Thursday, June 13, 2013

A Stranger in My Grave by Margaret Millar - Domestic Thrills and Murder

I read most of the Ross MacDonald Lew Archer novels when I was a kid, and in the back of the Bantam editions the "About the Author" page noted MacDonald was "... Kenneth Millar in private life." Those sections also mentioned that  his wife, Margaret Millar, was also a mystery writer. I kept an eye peeled for her work as well, but in the book stores and news stands I frequented, nary a Margaret Millar title showed up. (I've mentioned before those days before the interwebs when you were at the mercy of paperback spinners and used book stores  to find books.)

Happily I ran across an edition of A Stranger in My Grave (1960) a couple of years back, and I was reminded of that when her name kept coming up in relation to Gillian Flynn's brilliant page turner Gone Girl. 

Grave certainly feels a little like a literary cousin of Gone Girl. It's a domestic thriller that revolves around an interesting quandary from Daisy Harker, a young wife, who in 1959 or so dreams of a tombstone with her name on it, and a death date four years earlier. Dec. 2, 1955.

Someone, Daisy reckons, must have done her psychic harm on that date:

"...No interpretation is necessary. It's all quite clear. On Dec. 2, 1955, something happened to me that was so terrible it caused my death. I was psychically murdered."

Her husband Jim would rather she leave that notion alone. So would her mother, who's supported by Jim's generosity and thus has a vested interest in the couple's domestic bliss.

Daisy's determined however, and when her deadbeat father, Stan Fielding, calls for help in paying off a bail bondsman, she sees an avenue to find answers. His bail bondsman, Steve Pinata, has detective skills as well.

He agrees to reconstruct that relevant Dec. 2, and it soon becomes clear Daisy's buried a few things deep in her memory. She recalls snow-capped mountains but not the reason she left the clinic where she worked that year, and something's up with Jim and his lawyer.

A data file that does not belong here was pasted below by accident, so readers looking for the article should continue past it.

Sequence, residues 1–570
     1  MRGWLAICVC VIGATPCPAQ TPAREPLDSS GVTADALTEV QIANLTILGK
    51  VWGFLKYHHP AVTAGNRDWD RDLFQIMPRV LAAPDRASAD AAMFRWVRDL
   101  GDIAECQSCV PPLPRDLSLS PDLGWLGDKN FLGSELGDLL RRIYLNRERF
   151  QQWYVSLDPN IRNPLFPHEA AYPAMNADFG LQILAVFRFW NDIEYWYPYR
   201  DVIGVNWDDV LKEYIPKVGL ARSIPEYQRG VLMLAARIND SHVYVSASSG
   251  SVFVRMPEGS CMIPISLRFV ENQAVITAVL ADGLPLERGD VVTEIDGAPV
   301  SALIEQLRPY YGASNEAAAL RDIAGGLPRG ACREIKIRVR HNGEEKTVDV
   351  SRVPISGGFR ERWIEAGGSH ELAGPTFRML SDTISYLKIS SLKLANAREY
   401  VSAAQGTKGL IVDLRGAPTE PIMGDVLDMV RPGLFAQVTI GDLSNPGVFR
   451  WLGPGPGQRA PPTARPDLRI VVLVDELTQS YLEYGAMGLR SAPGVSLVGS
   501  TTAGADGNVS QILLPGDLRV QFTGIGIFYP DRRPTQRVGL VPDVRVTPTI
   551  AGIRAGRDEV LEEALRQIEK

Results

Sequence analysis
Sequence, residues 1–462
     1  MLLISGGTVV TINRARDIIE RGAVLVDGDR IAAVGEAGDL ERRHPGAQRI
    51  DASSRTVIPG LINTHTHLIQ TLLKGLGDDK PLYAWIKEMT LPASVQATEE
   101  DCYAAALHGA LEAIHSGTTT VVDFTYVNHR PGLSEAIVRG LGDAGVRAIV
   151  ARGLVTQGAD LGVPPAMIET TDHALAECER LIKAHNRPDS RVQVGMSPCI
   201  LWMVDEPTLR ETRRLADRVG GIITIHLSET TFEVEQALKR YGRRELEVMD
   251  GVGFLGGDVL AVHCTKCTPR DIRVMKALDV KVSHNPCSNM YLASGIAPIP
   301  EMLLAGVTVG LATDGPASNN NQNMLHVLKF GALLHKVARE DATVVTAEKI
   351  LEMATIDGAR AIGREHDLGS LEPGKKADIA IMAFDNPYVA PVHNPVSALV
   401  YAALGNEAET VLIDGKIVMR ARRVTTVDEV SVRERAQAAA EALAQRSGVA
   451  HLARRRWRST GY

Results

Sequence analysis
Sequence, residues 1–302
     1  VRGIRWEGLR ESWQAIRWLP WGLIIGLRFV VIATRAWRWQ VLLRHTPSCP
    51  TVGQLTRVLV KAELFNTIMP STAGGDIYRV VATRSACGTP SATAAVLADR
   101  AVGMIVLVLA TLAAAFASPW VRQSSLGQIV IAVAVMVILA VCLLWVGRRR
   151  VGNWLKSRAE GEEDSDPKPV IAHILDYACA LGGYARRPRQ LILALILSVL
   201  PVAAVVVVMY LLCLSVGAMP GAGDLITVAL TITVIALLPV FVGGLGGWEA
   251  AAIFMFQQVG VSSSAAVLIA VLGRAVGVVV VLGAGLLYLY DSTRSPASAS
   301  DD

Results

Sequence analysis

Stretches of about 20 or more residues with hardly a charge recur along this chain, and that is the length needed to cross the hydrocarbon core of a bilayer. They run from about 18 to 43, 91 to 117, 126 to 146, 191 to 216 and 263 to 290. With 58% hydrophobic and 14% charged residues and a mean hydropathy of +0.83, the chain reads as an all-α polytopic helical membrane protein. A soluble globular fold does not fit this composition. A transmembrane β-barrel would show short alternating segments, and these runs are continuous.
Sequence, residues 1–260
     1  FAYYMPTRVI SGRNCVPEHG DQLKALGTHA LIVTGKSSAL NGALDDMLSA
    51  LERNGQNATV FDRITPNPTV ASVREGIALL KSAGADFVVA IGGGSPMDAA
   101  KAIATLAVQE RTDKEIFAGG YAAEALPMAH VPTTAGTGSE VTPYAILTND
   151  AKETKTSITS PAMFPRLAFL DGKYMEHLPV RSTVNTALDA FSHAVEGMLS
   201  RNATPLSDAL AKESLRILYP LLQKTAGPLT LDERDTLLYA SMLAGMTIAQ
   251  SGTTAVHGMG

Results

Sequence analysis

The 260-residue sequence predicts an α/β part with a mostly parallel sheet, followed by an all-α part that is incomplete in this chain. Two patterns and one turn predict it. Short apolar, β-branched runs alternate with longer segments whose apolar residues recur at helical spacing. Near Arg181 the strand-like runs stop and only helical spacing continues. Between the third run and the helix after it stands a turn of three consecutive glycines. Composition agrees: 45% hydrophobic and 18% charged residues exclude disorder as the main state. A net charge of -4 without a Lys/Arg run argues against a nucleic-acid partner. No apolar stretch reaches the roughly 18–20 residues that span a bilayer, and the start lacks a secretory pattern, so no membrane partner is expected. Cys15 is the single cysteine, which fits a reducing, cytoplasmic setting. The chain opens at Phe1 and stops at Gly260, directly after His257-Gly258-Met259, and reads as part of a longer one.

Her dad Stan Fielding is up to something as well, hitching back into town to look into the world of a waitress named Juanita. She's volatile and may be connected to the man really buried in the grave Daisy dreamed about.

Swirling pieces converge and begin to make more and more sense as the pages turn.

A Stranger In My Grave is not so much a novel of detection as a tale of mystery and murder that allows events to unfold once the trigger of memory is pulled.

On the  journey, Daisy moves outside the protective parameters of Jim and her mother who have controlling agendas. The truths are twisted and startling as they are revealed.

I suppose the memory loss is a conceit that the reader is expected to accept a little too easily, and there are a few other abrupt emotional developments for characters, but ultimately Stranger offers a compelling study of family, deception, dark deeds and a domestic era that's at times appalling yet also familiar.


Charles Gramlich said...

You know, I didn't even realize his real name was Millar. Talk about not knowing my Ross McDonald.

Sidney said...

I think he changed it so that their work wouldn't be confused. I think she published first actually. He used John Ross MacDonald at one point and then dropped the John.

Related Posts Plugin for WordPress, Blogger...